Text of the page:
Frauke Rinelli, MSc Environment and Development alumni

Frauke Rinelli

What have you been doing since finishing your studies? 

After graduating, I had the opportunity to live in Rome for a few months to study Italian before taking up my first job with the government agency for which I still work.

I work for Engagement Global, a government agency of the German Federal Ministry for Economic Cooperation and Development. In cooperation with an international multi-stakeholder partnership, we implement a blended learning programme for young professionals in the field of Education for Sustainable Development. As project coordinator, I am responsible for facilitating the exchange of content between the participants and coordinating all parties involved. Currently, I am on paid leave to attend the four-month Managing Global Governance Academy of the German Development Institute, one of the leading think tanks for development policy.

What experiences at Leeds do you think have particularly helped with your career?

Studying in an international environment with people from all over the world with diverse academic backgrounds has equipped me with various skills required to work in the field of international cooperation.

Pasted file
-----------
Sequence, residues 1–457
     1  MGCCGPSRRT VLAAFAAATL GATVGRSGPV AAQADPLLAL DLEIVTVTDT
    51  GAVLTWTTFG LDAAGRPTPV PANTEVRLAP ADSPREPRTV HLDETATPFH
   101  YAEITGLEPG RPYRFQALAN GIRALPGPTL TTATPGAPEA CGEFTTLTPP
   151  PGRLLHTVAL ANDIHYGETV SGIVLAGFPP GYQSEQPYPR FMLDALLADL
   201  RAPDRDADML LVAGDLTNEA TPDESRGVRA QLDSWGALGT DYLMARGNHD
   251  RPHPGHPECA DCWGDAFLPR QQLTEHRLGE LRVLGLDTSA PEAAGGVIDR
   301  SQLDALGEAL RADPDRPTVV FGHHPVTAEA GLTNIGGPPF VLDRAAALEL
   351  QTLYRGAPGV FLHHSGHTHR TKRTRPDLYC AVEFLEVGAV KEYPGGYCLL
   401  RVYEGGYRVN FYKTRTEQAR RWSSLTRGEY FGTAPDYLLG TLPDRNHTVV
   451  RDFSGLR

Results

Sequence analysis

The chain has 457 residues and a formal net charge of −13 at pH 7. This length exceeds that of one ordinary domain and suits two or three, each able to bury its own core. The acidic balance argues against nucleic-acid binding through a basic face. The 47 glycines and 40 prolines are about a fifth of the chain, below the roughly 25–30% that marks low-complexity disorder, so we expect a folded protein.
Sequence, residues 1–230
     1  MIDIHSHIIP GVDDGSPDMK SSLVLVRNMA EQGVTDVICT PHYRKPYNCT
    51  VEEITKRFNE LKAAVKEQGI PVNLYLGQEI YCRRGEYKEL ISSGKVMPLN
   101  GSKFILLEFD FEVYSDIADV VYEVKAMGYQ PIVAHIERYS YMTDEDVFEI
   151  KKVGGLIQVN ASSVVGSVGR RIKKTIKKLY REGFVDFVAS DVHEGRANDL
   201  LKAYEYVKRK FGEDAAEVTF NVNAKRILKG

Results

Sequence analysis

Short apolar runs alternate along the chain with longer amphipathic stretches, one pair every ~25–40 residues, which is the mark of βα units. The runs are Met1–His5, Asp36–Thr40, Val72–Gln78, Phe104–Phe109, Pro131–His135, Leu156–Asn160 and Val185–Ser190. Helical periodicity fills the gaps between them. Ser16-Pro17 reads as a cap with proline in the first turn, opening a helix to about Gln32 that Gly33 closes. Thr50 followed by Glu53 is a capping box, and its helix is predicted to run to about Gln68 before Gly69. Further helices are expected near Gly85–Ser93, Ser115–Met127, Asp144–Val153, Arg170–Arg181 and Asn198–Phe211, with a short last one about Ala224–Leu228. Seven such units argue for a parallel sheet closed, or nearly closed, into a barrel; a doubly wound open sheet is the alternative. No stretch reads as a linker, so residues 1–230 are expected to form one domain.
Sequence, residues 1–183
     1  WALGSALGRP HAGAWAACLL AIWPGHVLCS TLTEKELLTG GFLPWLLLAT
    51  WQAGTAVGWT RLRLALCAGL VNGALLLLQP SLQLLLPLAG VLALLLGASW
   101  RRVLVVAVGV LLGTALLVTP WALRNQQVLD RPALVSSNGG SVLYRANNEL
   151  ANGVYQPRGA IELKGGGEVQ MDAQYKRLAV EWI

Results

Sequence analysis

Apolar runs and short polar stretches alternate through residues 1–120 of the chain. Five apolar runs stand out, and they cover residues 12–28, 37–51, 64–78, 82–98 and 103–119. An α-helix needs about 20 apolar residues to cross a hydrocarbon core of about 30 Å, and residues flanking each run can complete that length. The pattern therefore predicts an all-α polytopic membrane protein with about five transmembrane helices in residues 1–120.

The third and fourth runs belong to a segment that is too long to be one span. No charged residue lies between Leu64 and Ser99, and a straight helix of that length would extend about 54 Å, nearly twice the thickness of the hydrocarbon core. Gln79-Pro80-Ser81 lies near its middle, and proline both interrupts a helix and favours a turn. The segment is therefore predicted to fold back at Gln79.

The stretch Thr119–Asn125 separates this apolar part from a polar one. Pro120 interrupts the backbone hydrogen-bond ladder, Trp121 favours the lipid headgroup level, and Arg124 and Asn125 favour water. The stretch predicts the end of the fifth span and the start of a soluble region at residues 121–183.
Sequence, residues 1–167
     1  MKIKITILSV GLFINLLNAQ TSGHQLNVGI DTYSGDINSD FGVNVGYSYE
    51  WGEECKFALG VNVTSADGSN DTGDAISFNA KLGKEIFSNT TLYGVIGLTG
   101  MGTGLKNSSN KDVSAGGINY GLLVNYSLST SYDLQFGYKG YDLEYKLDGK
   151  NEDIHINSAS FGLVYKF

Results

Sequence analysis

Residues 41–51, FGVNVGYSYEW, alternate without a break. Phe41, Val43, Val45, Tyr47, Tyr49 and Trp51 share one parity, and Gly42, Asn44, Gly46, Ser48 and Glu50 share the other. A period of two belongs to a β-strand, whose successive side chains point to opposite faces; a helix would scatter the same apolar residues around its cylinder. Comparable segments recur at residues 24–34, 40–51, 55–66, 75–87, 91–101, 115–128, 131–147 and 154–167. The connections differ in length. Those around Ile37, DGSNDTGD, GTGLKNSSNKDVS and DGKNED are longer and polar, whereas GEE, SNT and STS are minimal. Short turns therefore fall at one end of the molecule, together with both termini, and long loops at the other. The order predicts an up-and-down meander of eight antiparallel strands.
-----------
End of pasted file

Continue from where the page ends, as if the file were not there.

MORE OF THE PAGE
Why did you choose to study your particular course and why did you choose the University of Leeds?

As I grew up in a small village with about 400 inhabitants (where we had more chickens than people), I was always surrounded by nature and developed an interest in the interrelation between humans and the natural environment. After graduating, I worked for citizen media and thought that one day I would become a journalist; hence the decision to study my BA Communication Sciences and Political Science.

During my undergraduate programme, I did an internship in Ghana and realised my vocation for international cooperation. This is how I chose my postgraduate programme, which combines my two main interests. The decision to study in Leeds was based on the excellent reputation of the institute.

What was the best aspect of your course?

For me, participating in the overseas field course was the best experience, which involved implementing a research idea together with other students in Tanzania.

What activities outside of your studies were you involved in?

As a member of the society Geologist for Global Development I attended several conferences and presentations.

What would you say to students thinking about studying your course?

It was the toughest year of my life, but the one I learned the most - especially about myself.